In public comments to the President’s Advisory Council on HIV/AIDS, the HIV+Hepatitis Policy Institute suggests ways that the federal government can improve PrEP uptake: 1) having CMS ensure that private insurers comply with ACA $0 cost-sharing requirements, 2) having the CDC’s Division of HIV Prevention dedicate more funding for PrEP, and 3) having HRSA ensure that the community health centers PrEP program works effectively.
With deep and widening racial, ethnic, and gender disparities in uptake, access to PrEP through Medicare is of paramount importance to making sure that Medicare beneficiaries are able to benefit from the widening array of PrEP options without cost-sharing. Medicare beneficiaries (including those dually eligible for Medicaid) comprise 10 percent of the population using PrEP, including both individuals over 65 as well as disabled individuals under 65. We thank CMS for making clear that all FDA-approved forms of PrEP would be available without cost-sharing. This means that Medicare beneficiaries will have unfettered access to future novel forms of PrEP immediately after FDA approval.
HIV+Hep strongly supports the “Copay Accumulator Amendment Act of 2021” (Bill 25-0141). It simply requires that the copay assistance beneficiaries receive counts towards their out-of-pocket obligation. By signing this law, DC will join 17 other states (Arkansas, Arizona, Connecticut, Delaware, Georgia, Illinois, Kentucky, Louisiana, Maine, Oklahoma, New Mexico, North Carolina, New York, Tennessee, Washington, West Virginia, and Virginia) and Puerto Rico in protecting consumers by assuring their copay assistance will count towards cost-sharing obligations.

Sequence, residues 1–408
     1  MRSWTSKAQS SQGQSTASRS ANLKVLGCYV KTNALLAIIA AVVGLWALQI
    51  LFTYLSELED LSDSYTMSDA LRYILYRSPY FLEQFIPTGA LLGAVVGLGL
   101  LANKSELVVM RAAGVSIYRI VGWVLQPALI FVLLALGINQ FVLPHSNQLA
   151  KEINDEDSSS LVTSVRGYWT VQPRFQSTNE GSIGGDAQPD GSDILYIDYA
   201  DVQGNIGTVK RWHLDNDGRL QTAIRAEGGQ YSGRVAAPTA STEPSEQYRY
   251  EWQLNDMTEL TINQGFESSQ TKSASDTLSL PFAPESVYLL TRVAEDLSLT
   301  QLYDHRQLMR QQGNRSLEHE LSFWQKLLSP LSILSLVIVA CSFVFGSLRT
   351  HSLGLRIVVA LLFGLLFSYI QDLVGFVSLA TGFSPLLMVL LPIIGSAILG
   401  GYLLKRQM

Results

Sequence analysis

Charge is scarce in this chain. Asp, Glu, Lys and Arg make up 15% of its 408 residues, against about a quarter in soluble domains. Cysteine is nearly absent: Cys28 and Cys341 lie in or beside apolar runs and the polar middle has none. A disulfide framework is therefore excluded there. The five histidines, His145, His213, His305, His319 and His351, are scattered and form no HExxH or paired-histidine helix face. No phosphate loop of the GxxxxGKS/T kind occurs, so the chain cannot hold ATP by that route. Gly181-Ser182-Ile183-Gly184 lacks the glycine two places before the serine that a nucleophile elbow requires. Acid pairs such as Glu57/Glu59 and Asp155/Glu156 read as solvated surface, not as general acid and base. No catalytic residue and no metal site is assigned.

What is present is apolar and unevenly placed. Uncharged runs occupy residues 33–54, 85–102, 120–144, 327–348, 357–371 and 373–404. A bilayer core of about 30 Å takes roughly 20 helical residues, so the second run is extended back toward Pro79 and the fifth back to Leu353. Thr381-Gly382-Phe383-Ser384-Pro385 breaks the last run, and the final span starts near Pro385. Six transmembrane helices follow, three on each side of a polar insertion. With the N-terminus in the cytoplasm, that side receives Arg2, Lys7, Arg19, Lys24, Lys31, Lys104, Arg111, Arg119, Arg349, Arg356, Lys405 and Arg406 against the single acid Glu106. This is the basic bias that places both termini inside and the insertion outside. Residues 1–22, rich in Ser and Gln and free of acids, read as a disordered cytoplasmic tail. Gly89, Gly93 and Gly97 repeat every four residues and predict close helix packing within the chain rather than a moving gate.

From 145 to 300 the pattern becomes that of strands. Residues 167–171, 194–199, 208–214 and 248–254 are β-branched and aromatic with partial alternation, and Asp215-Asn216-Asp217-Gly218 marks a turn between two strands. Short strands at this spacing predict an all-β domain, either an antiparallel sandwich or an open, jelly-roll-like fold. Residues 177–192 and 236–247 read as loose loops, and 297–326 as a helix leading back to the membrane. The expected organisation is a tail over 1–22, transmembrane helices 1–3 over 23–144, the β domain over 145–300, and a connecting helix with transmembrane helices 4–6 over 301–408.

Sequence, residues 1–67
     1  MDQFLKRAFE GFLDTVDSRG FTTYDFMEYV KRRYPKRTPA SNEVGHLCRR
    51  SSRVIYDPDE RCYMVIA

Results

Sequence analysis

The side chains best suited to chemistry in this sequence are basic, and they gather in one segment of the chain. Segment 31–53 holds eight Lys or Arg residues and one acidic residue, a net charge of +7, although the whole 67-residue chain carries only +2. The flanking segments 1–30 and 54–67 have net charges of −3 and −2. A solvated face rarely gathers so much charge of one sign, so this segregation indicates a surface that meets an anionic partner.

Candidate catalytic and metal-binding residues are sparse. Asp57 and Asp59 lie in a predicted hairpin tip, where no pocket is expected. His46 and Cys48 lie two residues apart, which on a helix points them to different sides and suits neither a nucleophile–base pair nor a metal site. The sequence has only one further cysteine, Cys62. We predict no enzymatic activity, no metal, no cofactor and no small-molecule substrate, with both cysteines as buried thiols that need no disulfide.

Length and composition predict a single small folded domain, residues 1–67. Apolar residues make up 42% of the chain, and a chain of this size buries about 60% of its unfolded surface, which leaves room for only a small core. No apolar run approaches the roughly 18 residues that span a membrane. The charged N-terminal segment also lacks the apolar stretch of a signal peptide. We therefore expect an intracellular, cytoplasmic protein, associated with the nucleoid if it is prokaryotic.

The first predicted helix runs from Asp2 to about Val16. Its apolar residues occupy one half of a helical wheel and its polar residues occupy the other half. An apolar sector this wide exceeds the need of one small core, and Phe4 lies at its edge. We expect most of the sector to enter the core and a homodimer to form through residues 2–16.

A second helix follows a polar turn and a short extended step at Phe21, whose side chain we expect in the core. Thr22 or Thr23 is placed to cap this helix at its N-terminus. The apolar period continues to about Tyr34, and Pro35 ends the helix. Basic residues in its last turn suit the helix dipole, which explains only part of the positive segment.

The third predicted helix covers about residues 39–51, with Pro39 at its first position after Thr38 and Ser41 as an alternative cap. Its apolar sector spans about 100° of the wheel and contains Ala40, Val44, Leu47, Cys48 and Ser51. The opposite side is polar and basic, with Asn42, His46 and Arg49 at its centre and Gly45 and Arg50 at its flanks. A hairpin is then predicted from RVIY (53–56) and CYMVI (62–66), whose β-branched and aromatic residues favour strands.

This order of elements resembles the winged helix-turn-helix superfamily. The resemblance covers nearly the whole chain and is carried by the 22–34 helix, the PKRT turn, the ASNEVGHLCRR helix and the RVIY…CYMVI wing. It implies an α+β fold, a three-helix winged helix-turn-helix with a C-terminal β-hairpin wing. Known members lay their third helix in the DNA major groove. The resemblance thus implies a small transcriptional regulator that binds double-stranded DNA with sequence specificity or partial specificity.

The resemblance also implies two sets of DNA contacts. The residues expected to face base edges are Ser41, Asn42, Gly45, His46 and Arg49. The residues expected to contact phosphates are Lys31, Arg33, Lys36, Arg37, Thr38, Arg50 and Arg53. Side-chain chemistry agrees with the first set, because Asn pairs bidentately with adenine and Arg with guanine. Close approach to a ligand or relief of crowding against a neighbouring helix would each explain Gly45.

We voice our strong support for Senate Bill 0799 (“Relating to Insurance–Prescription Drug Benefits”) which would require health insurers to accept and count payments made on behalf of patients towards deductibles and out-of-pocket maximums. We thank you for holding a hearing on this important issue and ask that you pass the bill as soon as possible.
Letter in support of ensuring copay assistance counts & reining in unscrupulous prescription drug practices
We strongly support your bipartisan leadership in taking action to address some of the abusive practices Pharmacy Benefit Managers (PBMs) engage in that hinder patient access and the affordability of prescription drugs. While most people think insurers make the majority of decisions regarding health coverage and affordability, when it comes to prescription drugs, it is PBMs that drive many of the decisions as to what medications a beneficiary can access and how much they pay for them.